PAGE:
How Long Does a Tire Last?
Carmakers, tiremakers and rubber manufacturers differ in their opinions about the lifespan of a tire. The National Highway Traffic Safety Administration (NHTSA) has no specific guidelines on tire aging and defers to the recommendations of carmakers and tire manufacturers.
Many automakers, including Ford, Nissan and Mercedes-Benz, tell owners to replace tires six years after their production date, regardless of tread life. Tire manufacturers such as Continental and Michelin say a tire can last up to 10 years provided you get annual tire inspections after the fifth year.
The Rubber Manufacturers Association said there is no way to put a date on when a tire "expires" because such factors as heat, storage, underinflation and conditions of use can dramatically reduce the life of a tire. Here's more on each of these factors:
Heat: NHTSA research has found that tires age more quickly in warmer climates. NHTSA also found that environmental conditions, such as exposure to sunlight and coastal climates, can hasten the aging process. People who live in coastal states and other areas with warm weather should keep this in mind when deciding whether they should retire a tire.
Storage: This applies to spare tires and tires that are sitting in a garage or shop. A tire that has not been mounted and is just sitting in a tire shop or your garage will age more slowly than one that has been put into service on a car. But it ages nonetheless.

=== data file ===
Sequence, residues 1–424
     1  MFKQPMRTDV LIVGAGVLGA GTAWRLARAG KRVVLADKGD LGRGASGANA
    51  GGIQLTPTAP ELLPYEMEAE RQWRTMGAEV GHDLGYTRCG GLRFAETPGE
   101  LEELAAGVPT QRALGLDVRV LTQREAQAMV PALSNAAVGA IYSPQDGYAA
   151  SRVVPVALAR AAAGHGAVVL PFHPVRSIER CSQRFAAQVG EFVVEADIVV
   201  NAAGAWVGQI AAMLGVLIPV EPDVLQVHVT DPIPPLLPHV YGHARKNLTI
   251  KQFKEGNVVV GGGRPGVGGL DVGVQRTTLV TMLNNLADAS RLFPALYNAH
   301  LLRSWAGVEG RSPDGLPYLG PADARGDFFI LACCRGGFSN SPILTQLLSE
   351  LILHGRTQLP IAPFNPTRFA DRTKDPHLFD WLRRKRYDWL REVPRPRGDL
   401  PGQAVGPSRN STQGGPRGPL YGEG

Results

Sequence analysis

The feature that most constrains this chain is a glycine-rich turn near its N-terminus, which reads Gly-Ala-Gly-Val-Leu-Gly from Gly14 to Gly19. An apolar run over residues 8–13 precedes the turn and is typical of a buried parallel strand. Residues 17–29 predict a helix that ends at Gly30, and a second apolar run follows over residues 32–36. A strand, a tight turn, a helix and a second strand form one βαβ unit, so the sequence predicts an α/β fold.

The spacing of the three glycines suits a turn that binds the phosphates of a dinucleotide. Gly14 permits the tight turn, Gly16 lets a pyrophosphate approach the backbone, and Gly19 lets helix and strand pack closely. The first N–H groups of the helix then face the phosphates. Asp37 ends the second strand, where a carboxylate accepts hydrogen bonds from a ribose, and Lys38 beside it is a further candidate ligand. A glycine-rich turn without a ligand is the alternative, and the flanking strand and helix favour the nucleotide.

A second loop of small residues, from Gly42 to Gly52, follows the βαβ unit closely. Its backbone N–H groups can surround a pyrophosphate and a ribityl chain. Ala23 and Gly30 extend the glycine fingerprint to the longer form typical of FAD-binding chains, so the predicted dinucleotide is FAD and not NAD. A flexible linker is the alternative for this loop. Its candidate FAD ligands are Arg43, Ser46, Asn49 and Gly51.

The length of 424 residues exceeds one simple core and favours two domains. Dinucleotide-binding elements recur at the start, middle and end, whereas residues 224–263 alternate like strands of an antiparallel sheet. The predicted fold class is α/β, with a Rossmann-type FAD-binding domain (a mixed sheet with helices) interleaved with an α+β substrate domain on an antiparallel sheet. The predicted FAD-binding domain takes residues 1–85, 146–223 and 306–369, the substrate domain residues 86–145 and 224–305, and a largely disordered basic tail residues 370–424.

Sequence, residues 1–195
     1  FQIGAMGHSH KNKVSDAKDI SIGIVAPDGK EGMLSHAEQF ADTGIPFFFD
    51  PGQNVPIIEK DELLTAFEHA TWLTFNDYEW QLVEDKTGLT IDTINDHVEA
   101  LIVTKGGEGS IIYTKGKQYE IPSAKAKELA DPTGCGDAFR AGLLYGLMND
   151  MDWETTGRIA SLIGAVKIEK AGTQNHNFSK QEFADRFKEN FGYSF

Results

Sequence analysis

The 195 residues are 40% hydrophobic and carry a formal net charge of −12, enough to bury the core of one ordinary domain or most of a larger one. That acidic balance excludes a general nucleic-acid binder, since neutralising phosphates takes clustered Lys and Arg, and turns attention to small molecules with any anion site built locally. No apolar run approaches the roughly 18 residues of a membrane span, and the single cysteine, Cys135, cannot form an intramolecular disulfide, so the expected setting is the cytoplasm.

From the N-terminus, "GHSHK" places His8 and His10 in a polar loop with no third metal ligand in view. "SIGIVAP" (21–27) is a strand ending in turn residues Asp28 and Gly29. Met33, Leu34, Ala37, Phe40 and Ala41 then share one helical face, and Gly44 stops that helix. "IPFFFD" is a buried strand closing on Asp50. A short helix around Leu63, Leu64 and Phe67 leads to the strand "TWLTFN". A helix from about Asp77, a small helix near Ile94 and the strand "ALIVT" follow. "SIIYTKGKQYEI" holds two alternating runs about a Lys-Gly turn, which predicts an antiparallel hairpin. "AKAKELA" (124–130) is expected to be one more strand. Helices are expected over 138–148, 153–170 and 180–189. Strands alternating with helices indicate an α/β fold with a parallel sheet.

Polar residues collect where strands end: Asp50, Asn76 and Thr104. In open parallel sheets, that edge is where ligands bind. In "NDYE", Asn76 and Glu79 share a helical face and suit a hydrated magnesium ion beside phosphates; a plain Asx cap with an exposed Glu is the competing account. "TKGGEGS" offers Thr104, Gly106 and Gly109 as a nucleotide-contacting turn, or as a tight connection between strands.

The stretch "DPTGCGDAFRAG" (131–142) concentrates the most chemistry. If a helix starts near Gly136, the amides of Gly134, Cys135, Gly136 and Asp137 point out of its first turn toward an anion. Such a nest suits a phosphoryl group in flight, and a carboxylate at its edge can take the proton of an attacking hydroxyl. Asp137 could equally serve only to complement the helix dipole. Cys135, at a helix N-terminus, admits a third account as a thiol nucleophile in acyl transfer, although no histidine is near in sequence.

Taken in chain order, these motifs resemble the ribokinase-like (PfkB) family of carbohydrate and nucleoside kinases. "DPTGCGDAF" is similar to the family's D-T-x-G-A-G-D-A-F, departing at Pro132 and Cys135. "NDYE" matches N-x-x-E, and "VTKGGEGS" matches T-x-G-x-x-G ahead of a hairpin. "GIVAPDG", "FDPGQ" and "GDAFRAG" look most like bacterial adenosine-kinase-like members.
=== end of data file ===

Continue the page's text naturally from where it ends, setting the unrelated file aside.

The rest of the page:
Spares: They usually don't see the light of day, but they're still degrading with time. If the tire has been inflated and mounted on a wheel, it is considered to be "in service," even if it's never been used. And if a truck's spare is mounted underneath the vehicle, it's exposed to heat, dirt and weather — all reasons to plan on replacement.
Conditions of use: This refers to how the tire is treated. Is it properly inflated? Underinflation causes more tire wear. Has it hit the curb too many times? Has it ever been repaired for a puncture? Tires on a car that's only driven on the weekends will age differently from those on a car that's driven daily on the highway. All these factors contribute to how quickly or slowly a tire wears out.
Proper maintenance is the best thing a person can do to ensure a long tire life. It is important to maintain proper air pressure in tires, rotate them regularly and get routine inspections.